Google Analytics and WordPress
As part of an ongoing web project I’m working on for a friend, I have been looking at WordPress and Search Engine Optimization (SEO) with a view towards improving overall Google rankings for a particular web site – http://faceworksevents.com. The first step was to integrate the site with Google Analytics to get a baseline feel for current web traffic.
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Whenever you work on a customer’s site to improve traffic, you first want to know how much search traffic actually ends up on the site. This turns out to be easy as pie with WordPress – simply grab the Google Analytics for WordPress by the master WordPress’er Joost de Valk (aka “YOAST”) and install it. To enable Analytics, there are a couple things I had to do because the automatic Analytics registration link provided on Yoast’s plugin editing page didn’t work. The steps to get the Analytics API key are as follows:
- Create a Google account. This is easy, simply go to the Google Accounts Signup Page and fill in the information. While you’re at it, be sure to provide a picture as you can use that later in this process to get your picture listed next to search results. Way kewl!
- Add the Google Analytics application to your account. Google Analytics is just one free feature from Google among dozens of of options. To add Analytics, simply click on the “Products” link from your Google Accounts page and select Analytics as one of your products. For this set of SEO testing I did not bother to change any of the default Google Analytics settings.
- Add your web site as a “Profile” to Google Analytics. For Analytics to work properly, you need to make sure your target web site is registered to it. This was a bit confusing to me due to the Google user interface (call me braindead if you will, but I found it confusing). It turns out to be simple:
- Go to https://www.google.com/analytics/ and sign in.
- Initially your list of “Profiles” shows up as empty. Click on the “Admin” link to create your profiles, which in this case for Google Analytics are simply references to the list of Web sites you want to track as shown below.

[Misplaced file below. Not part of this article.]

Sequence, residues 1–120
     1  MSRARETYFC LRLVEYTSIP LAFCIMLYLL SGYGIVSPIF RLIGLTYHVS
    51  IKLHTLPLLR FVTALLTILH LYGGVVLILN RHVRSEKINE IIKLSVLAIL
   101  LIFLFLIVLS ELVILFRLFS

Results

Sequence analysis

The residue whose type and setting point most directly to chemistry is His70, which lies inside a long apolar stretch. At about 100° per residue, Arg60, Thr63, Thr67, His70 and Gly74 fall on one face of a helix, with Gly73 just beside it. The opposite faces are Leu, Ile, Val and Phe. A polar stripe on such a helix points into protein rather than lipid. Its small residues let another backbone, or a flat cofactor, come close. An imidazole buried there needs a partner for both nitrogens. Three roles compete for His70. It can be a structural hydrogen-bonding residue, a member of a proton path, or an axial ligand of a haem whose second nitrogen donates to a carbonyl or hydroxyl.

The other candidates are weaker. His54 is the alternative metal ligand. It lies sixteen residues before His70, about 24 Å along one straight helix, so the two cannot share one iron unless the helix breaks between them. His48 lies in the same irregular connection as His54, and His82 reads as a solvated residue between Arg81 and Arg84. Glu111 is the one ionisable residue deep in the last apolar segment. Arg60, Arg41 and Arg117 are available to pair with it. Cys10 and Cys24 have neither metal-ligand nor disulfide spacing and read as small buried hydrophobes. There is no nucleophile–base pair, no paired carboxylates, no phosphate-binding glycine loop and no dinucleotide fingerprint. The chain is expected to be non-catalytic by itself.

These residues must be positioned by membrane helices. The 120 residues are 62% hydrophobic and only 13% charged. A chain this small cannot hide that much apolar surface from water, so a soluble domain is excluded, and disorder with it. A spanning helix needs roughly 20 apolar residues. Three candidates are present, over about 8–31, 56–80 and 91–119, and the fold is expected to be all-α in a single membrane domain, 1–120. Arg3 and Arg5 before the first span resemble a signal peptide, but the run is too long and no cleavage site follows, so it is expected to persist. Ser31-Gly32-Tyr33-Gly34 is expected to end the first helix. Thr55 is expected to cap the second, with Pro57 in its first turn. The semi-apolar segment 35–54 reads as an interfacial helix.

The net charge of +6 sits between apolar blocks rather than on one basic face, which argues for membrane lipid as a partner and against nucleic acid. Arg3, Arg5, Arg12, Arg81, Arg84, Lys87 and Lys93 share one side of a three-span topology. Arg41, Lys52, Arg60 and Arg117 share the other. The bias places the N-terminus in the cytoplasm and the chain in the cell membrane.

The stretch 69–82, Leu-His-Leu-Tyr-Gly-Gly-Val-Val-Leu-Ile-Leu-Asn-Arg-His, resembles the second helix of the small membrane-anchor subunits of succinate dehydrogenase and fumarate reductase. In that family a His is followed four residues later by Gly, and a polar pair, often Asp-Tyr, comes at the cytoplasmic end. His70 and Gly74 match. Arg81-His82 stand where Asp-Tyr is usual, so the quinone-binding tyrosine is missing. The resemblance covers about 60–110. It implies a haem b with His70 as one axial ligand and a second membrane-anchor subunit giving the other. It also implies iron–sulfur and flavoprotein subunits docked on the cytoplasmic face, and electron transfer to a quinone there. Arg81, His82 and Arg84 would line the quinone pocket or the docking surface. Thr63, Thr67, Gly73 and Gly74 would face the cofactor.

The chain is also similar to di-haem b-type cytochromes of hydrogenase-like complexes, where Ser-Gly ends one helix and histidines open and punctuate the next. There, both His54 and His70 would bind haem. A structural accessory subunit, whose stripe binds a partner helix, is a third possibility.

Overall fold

- Create your Account and then your “Properties”. In the screen shot below, I’ve created an account named “Andy” and a property named “Andy’s WP” that references my entire Web site (the “profile”, which has recently been renamed to “view” by Google – thanks a lot!). To create the account and property, click on the relevant menu and select the appropriate “Create New…” option. The below shot shows how I created my account, property, and profile as well as the “Create new account” option which Google makes available.
- Get your Google Analytics “UA” Code. For Yoast’s Google Analytics plugin to work correctly, the user agent (UA) code must be entered. Yoast’s WordPress plugin provides a function to get this automatically in his plugin but it did not work for me. Fortunately it’s way easy to get this from Google Analytics itself. Once you’ve created your account, property, and “profile” (Google now calls this “view”) then the UA code shows up on the screen. The following shot shows the screen with the UA code on it:
- Enter the Google Analytics “UA” Code into Yoast’s Analytics WordPress plugin. This is the easiest part. The screen below shows the Analytics code entered into the plugin:
- Ignore WordPress logged-in users. Before you continue, first select to show the “Advanced” options within Yoast’s Analytics WordPress plugin as in the picture below:
Then scroll down the Yoast Analytics WordPress plugin options and be sure to indicate that logged-in users do not appear in the counts. Otherwise we skew our results!
But wait…what about logged-in users? Well, to verify that they do *not* affect Google Analytics page view counts, login to your WordPress site and check out page source. You’ll see that the Google Analytics code simply doesn’t appear!
At the end of the day, you have Google Analytics that you can review 🙂 To get to them, simply login to Google Analytics as described above and you can see the current set of page views and the average duration. You must be patient for this; the analytics can take some days to kick in and display!
That’s it for this article! It only scratches the surface of what you can do with Google Analytics within WordPress. Be sure to review the other advanced options especially the ability to create up to 5 user-defined variables that help in fine-tuning Google Analytics tracking.